Today LJ is a quiet place. I haven’t posted there since November 2013. Instead of my LiveJournal I now have this blog, hosted on my own domain and prettied up with WordPress. When I first set it up I made a few posts about mundane personal things like my Thanksgiving preparations. But since then it’s been strictly “business” — and by business* I mean coffee.

Why is that? Several times I’ve decided to go back to posting personal stuff, but each time I’ve run into a wall made up of two questions:

  • What should I write about?
  • Why should anyone care?

The answer, of course, is that it’s my blog. I can write about whatever I want, and it doesn’t matter if anyone cares.

But even after telling myself that, I hesitate. And I think it’s because I’m back to that missing element: audience. Without the social networking of a service like LiveJournal, and with RSS feeds apparently going the way of the dodo, I can’t shake the feeling that anything I write is just vanishing into the void.

It’s not so much a need for validation (though of course I crave that like anyone else), it’s that without an audience I have trouble finding a voice. I don’t need to write for myself, I know all my mundane personal crap.

That’s why I’ve been able to keep doing coffee posts. There’s a clear goal, obvious content, and I can just look at my Google hits to see what works and what doesn’t. The trick is getting the same sort of feel for my non-coffee stuff.

Well, I won’t learn that trick if I don’t write. I’ve been doing okay for the most part managing a coffee post at least once a week, usually on Fridays. So my goal is to do the same for non-coffee, on what I’m gonna call Personal Thursdays because I like the internal rhyme. Keep an eye on my Twitter for links to new posts, and hopefully I’ll find my voice.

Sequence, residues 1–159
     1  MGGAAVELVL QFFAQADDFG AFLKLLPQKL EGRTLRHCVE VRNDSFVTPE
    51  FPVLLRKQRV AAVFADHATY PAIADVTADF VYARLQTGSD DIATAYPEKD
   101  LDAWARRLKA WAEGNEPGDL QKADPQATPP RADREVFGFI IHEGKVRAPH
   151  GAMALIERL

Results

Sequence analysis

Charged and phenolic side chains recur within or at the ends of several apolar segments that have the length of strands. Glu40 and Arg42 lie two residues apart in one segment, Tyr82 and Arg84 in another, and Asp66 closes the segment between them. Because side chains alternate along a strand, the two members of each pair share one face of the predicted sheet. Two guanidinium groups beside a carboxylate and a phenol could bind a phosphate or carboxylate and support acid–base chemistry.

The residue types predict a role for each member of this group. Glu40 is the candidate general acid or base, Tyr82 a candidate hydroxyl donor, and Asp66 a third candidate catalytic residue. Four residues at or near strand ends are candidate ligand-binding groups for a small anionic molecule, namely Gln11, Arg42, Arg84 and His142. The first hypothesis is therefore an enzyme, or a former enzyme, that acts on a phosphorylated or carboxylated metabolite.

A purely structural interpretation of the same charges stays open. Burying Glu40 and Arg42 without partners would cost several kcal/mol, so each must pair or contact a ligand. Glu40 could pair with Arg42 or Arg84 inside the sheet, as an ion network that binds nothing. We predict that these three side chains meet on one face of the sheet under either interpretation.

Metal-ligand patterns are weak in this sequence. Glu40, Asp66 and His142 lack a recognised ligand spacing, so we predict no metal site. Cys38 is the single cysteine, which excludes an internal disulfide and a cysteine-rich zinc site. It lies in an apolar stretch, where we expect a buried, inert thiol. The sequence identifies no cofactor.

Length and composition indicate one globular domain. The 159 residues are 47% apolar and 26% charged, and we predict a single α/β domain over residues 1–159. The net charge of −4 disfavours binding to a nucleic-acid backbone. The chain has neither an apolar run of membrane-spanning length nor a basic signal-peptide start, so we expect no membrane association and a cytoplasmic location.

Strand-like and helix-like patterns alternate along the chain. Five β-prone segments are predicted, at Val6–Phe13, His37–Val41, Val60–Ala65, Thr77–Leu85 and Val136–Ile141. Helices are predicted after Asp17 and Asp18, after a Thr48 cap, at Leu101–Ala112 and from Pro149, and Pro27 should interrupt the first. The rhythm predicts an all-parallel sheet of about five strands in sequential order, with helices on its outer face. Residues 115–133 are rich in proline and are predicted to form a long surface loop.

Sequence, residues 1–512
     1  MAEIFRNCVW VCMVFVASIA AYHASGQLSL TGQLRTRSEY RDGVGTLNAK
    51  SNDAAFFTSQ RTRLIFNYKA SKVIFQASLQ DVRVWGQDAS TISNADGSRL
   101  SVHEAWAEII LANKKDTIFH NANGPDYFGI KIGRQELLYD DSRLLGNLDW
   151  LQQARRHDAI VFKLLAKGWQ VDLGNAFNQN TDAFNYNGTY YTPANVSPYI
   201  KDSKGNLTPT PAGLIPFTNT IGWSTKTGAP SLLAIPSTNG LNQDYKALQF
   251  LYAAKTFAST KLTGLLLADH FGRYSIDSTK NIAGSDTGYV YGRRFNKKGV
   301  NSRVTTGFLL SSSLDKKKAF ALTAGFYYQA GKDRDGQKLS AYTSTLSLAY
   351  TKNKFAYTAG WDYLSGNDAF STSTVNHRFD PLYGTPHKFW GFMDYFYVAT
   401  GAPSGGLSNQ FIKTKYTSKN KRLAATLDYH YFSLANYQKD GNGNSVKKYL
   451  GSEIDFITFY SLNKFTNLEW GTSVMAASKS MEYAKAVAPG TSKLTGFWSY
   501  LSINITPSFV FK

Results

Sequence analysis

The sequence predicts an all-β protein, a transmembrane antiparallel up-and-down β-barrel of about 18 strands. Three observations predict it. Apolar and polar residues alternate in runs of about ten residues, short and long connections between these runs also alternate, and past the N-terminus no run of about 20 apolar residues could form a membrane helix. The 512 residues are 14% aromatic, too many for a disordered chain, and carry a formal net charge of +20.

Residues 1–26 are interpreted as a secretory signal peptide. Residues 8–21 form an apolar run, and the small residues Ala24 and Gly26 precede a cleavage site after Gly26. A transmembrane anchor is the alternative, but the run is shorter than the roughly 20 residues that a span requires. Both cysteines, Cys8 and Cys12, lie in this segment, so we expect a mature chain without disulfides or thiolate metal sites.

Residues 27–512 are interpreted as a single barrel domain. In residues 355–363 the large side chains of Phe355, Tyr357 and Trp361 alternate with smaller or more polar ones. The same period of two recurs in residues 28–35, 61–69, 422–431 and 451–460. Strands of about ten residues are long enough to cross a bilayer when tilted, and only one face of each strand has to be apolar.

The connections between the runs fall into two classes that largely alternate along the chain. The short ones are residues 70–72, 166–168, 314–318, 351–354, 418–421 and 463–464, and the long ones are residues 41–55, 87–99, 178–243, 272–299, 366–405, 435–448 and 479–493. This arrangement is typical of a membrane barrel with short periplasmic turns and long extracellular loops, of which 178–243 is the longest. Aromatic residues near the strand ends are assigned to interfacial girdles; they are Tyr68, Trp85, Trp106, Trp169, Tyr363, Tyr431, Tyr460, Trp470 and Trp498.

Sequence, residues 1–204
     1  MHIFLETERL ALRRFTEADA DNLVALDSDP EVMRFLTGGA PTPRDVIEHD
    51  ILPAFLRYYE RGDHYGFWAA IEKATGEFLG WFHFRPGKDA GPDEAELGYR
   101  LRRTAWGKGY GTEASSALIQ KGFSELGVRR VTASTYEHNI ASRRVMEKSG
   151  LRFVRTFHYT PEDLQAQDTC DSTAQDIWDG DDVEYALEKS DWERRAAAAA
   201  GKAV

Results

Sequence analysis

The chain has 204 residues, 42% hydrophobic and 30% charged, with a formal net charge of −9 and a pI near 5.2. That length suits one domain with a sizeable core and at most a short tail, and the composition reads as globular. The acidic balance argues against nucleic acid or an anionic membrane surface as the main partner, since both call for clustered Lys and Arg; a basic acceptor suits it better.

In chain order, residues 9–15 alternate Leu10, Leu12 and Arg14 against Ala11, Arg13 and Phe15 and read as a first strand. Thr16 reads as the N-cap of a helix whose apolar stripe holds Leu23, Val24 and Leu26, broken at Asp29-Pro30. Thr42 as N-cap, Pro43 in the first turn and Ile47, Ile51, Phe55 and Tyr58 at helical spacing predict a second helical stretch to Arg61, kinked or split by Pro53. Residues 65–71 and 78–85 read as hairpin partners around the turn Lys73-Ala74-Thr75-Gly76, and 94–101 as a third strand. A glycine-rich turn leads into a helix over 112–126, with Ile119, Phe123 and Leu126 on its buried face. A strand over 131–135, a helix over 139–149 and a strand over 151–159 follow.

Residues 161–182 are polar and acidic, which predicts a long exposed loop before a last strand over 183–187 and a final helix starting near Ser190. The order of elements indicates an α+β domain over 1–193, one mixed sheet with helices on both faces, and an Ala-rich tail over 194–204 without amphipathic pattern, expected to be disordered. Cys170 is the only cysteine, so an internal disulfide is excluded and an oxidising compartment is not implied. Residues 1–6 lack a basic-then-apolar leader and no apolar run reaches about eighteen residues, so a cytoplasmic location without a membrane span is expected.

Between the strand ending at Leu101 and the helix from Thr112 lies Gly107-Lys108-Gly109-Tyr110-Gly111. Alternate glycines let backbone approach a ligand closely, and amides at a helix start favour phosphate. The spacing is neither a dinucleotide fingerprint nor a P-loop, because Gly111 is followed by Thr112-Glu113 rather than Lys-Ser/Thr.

*I use the term business loosely, since I make zero money off it.

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Still here!

May 22

Jeez, five months since my last post. How’d that happen?

Have patience folks, this blog isn’t dead. It’s just … uh … resting? It’s been a busy year at my day job, and I’m dealing with the medical issues associated with incubating a new human being in my torso, so I haven’t been able to update as much as I should have. Plus, well, the aforementioned human being seems to be draining all my writing mojo.

But the best way to regain writing mojo is just to write, right? I will be attempting to do that by hook or by crook.

I have a few coffee-related posts planned — e.g. a mini-review of the Verismo espresso machine Starbucks is selling right now, and a review of their new bottled iced coffee. Plus maybe reviews of some other random coffee/tea drinks I get around town.

I’ll also be trying to use this for more actual bloggy stuff, by which I mean blathering about things in my life that pretty much nobody else gives a crap about. It lets me look back over my old words nostalgically, and gives this site some signs of life.

Hopefully by forcing more words out of my fingertips, I’ll regain some of that vanished writing mojo and I’ll be able to write more betterful, like I usedta. And if you miss me, you can always check out my Twitter feed for whatever random thoughts and/or cat pictures I’ve come up with lately.